I created Corporate Game Changers for people who want to turn around their bullsh*t job into a positive force for change. Together we can use human-centered leadership and business-for-good practices to pave the way for a better future.
At a time when I had success in the palms of my hands, exciting challenges in my head and many reasons for fulfillment in my heart, I was seriously considering quitting my job. Like many people of my generation, the stiffness of the corporate world was in conflict with my drive for impact.
I realized that the most courageous thing to do to get out of my depressing quest for meaning was not to run away to another job / company / career / country but precisely to stay in my job - and to drive positive change from the inside out.
As I described previously, at age 25 I had achieved my professional dream - to work at the forefront of Research & Development in a large group with exciting projects and means to deliver. I had the chance to be able to choose for a company with a strong sense of societal responsibility and I was working towards making food healthier for millions of people.
On a daily basis, I was working with the quote-unquote “world-leading scientists” and we had access to high-tech equipment, brilliant working facilities and were driving exciting discoveries. The team leaders were equipped with inspiring and effective management tools and techniques and people were truly considered at the center of the company’s success.
On a more pragmatic level, I had avoided unemployment (which was not an easy task at the time) and I had the comfort of a well-paid job with a permanent contract. I was learning to let go of tracking my expenses and starting to be invited in conversations about tax optimization through property acquisition.
I had made it in the world.
Is this how happiness feels like?
And yet, something was off. I couldn’t say that I was feeling like a fish in water. Better even, I was increasingly under the impression that I did not belong, I was different and as a consequence that I was weird. I surprised myself thinking more and more regularly: “Is it me or something is wrong about XYZ but nobody seems to speak up?”
As it turns out, I started to realize that one thing is particularly valued in most traditional companies: conformity.
Conformity is nice, it is comfortable. This is the human application of the principles of the successive industrial revolution: high productivity is achieved by processes which treat every single piece of the system the same way for a consistent outcome.
In this mindset, an employee is more or less a production unit - you are given a task to be executed and you are expected to deliver the task to a pre-established standard and in a certain way. You are a piece in a bigger machine, your process settings can be optimized for the best output and if you break down, you can be replaced.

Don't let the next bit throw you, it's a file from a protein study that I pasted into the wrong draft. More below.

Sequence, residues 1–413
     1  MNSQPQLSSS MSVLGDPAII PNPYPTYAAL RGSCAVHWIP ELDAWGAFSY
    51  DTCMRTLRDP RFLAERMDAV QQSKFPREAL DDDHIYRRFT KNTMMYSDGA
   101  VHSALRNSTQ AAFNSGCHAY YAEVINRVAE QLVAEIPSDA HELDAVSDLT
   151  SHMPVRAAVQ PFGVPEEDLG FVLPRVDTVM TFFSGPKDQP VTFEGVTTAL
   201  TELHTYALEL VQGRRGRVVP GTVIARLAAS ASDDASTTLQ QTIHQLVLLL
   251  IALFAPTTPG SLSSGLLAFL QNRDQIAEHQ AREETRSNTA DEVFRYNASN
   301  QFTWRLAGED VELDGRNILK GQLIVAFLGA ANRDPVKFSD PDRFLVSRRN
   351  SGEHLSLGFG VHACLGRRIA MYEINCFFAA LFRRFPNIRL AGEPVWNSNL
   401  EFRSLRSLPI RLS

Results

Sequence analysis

In the list of challenges to fit in the corporate conformity, there is hierarchical reverence - agreeing with the bosses. Of course the company culture as promoted by the HR slogans is one of openness and encouraged feedback. But in practice nobody will dare to challenge the hippo in the room (the HIghest Paid Officer).
And if you do (which I did because I learned this by trial and error), you don’t notice much at first - until your end of the year evaluation when you hear that you need to work on your communication style. And you realise in hindsight that you’ve lost 2 years of your career on the side bench in a non-business critical, non-visible job.
This is called the corporate mold. It is slightly different in its modalities and its amplitude for each company but it is definitely present in all companies, as the other side of the company culture coin.
It feels like an armour which is heavy and prevents you from moving. To some extent indeed it is safe, you do not need to think much for yourself and can have a long and prosperous career by calibrating your behaviour on the average around you. But that’s exactly what I am not able to do.
I am a self-thinker - always have been. Critical thinking is my strength (and my curse) and I am intimately convinced of the power of robust conversations and different viewpoints to find the best solution. There is no co-creation if everybody agrees, right?
My biggest discovery in these years was that the word “opinionated” has a negative connotation; for me being a mindless follower, a zombie, a sheep is the negative mindset, because it hinders risk identification (forget your first-time-right), creativity (forget about disruptive innovations) and proximity to consumers (forget about tapping into Millennials trends).
What has been seen cannot been unseen